Bullpen-starved contenders can target Chapman, Papelbon, Clippard, K-Rod in deadline deals

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Now that the All-Star game is over the next big date to circle on the baseball calendar is the July 31 trade deadline.

Starting pitching tends to generate the juiciest rumors and multiple aces could be available this year–Hamels! Cueto! Price!–but contending teams in search of a shutdown closer or reliable setup men also have some big names to choose from.

Here’s my view of prominent relievers likely to generate considerable trade interest between now and July 31 …

LHP Aroldis Chapman, Cincinnati Reds

Everyone seems to assume that the rebuilding Reds will trade impending free agent ace Johnny Cueto, but their plans for All-Star closer Aroldis Chapman aren’t as clear. Chapman is only 27 years old and under team control for next season, so the Reds aren’t in as much of a rush to trade him. However, his 2016 salary will likely be more than $10 million via arbitration and if they’re eventually going to shop Chapman around why wait 12 months and risk an injury in the meantime?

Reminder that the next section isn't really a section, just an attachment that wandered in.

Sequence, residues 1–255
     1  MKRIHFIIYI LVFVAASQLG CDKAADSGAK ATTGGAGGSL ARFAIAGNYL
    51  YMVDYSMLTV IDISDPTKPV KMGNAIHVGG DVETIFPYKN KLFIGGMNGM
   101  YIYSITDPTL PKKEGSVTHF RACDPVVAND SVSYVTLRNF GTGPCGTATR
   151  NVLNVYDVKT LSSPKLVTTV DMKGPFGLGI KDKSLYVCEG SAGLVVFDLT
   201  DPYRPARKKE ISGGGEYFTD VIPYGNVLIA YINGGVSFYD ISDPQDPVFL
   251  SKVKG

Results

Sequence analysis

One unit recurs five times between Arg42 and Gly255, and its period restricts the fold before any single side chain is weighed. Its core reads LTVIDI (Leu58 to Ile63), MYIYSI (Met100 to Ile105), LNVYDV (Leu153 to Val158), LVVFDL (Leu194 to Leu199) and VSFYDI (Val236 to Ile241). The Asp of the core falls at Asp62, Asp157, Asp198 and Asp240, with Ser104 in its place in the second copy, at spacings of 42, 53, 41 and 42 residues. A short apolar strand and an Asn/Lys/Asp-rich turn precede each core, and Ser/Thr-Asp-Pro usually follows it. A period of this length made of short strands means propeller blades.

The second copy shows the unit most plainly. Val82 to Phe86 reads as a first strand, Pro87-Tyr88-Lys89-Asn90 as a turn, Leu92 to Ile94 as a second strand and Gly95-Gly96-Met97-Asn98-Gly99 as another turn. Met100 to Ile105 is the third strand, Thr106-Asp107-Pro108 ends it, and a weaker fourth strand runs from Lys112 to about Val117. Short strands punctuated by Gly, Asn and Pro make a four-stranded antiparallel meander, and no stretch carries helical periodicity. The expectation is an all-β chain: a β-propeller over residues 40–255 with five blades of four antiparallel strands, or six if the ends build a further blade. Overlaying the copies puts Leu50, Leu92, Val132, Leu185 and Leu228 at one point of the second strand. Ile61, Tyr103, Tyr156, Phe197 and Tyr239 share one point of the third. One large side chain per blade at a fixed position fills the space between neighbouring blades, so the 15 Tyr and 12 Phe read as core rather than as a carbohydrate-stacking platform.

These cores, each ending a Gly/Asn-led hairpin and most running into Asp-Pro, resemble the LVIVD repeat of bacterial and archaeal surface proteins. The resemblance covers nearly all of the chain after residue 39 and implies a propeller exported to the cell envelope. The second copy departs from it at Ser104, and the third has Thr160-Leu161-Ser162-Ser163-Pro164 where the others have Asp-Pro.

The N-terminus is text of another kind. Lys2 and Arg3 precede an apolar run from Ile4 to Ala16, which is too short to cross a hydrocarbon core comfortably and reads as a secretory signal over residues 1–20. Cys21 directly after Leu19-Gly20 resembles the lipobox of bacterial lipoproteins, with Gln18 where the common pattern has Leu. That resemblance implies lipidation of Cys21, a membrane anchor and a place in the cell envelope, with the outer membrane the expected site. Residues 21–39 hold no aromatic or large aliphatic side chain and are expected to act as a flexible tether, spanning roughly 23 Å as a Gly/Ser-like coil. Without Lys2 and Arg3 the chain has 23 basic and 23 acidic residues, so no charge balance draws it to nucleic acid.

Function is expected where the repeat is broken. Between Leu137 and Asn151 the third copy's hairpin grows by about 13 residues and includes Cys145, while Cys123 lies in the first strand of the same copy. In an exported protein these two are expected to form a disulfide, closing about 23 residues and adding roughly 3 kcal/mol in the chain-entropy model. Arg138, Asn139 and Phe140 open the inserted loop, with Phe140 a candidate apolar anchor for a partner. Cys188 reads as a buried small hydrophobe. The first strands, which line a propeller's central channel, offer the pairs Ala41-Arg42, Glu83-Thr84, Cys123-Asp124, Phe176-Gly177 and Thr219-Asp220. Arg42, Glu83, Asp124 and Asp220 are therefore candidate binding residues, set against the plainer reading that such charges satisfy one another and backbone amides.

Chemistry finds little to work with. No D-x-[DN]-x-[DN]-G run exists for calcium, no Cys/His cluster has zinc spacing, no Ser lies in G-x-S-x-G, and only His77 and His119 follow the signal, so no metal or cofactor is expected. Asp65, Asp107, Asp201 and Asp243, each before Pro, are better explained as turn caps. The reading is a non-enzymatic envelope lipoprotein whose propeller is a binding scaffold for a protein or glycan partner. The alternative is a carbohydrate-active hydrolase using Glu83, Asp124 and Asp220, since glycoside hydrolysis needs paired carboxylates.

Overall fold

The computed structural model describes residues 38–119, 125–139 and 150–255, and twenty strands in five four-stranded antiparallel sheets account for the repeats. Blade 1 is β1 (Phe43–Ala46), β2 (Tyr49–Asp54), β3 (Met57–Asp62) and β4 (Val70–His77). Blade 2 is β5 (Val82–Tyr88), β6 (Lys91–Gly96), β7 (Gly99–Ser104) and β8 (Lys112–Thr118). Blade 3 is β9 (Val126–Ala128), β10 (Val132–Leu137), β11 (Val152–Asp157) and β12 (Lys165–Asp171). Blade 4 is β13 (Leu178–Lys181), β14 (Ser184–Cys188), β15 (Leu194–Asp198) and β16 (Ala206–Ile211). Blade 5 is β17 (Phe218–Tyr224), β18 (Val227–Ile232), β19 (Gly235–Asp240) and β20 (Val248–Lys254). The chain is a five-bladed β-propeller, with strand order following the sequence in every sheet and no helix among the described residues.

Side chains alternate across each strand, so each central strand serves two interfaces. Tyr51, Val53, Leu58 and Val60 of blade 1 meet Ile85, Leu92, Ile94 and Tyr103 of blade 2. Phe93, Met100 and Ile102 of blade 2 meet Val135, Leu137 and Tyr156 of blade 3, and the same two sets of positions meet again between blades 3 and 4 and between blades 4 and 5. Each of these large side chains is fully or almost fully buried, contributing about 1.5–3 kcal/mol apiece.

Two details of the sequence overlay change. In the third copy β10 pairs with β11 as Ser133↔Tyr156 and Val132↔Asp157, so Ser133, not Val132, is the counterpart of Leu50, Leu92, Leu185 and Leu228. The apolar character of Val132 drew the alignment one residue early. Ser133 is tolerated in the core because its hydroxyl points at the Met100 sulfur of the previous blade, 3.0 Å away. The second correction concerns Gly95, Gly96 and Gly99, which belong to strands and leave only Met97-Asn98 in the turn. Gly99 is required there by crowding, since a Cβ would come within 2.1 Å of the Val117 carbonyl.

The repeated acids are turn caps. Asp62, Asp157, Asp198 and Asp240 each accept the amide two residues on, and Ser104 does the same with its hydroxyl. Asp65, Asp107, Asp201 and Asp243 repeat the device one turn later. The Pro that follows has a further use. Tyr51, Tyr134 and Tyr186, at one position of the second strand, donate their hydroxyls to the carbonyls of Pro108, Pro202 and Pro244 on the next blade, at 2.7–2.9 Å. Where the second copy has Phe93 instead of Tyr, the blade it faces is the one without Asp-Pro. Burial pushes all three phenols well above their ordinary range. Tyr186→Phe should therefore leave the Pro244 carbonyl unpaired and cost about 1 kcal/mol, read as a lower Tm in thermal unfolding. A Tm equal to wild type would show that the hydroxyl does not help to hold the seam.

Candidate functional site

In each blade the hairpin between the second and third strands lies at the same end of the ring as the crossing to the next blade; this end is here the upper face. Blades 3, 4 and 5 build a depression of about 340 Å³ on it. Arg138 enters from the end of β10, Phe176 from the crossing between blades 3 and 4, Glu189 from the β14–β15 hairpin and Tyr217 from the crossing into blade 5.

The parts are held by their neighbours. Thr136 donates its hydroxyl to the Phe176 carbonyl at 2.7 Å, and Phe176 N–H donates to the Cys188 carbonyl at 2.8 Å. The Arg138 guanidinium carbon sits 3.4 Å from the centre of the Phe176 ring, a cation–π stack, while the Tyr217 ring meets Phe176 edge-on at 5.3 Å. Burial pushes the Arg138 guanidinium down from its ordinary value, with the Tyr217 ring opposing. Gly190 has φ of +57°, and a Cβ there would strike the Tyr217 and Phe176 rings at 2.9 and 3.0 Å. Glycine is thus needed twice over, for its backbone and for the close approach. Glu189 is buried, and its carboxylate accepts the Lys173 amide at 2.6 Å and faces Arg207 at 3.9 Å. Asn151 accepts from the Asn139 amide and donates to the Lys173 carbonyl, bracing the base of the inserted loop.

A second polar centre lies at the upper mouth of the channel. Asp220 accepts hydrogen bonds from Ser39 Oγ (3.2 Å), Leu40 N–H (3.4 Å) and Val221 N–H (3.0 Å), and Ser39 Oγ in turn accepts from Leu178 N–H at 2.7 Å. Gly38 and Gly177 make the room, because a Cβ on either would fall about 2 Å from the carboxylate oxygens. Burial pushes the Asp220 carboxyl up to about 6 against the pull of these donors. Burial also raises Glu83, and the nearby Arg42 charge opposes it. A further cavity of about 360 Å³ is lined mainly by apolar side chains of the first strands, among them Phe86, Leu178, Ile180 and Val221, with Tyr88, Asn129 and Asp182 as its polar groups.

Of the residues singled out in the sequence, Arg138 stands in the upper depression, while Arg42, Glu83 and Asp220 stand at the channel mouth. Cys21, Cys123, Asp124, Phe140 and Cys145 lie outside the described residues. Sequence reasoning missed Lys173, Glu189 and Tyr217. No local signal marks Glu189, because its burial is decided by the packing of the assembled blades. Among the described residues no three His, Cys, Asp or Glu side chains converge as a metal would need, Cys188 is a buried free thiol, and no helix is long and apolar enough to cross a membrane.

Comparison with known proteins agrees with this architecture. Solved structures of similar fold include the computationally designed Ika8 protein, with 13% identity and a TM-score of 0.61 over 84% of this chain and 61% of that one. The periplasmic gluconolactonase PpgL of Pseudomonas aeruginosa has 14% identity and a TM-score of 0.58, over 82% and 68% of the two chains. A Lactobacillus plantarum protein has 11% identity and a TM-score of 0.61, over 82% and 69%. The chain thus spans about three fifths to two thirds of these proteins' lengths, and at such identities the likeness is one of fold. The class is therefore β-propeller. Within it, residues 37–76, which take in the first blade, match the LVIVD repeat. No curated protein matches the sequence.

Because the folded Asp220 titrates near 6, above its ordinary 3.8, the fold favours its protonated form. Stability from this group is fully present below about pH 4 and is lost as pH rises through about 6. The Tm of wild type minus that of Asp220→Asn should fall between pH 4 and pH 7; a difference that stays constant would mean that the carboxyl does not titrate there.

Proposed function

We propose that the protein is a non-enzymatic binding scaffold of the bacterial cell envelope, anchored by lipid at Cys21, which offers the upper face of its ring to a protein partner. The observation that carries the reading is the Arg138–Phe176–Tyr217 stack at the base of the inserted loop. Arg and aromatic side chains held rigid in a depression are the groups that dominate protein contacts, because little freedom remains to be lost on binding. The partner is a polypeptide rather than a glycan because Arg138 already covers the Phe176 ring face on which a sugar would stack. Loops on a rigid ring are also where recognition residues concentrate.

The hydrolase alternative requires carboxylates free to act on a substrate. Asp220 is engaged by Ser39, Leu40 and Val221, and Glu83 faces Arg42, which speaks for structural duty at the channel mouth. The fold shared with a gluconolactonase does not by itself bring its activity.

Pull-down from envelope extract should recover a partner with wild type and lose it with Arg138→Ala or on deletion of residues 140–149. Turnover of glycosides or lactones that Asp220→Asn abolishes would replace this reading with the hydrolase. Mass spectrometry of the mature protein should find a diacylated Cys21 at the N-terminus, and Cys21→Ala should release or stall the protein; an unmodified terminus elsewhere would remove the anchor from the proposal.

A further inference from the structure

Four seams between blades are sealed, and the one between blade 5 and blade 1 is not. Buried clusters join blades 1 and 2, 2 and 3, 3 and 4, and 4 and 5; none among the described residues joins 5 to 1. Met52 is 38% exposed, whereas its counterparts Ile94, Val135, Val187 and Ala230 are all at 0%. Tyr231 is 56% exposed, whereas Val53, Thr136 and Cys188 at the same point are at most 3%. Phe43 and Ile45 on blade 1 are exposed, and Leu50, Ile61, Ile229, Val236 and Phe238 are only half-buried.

Performance-wise Chapman is dominating as much as ever with a 1.69 ERA and 65 strikeouts in 37 innings while holding opponents to a .178 batting average. His triple-digit fastball and wipeout slider have the ability to transform a contending team’s bullpen and because any team acquiring him would be getting 1.5 seasons of excellence it’s possible the Reds can get more in return for Chapman than for Cueto. The big question is whether they want to part ways right now.

RHP Jonathan Papelbon, Philadelphia Phillies

Jonathan Papelbon has made it abundantly clear that he wants out of Philadelphia, providing strongly worded quotes to anyone who asks him about the rebuilding Phillies. Of course, general manager Ruben Amaro Jr. presumably would have gladly traded him by now if there was a deal to be made that actually brought a decent prospect back to Philadelphia.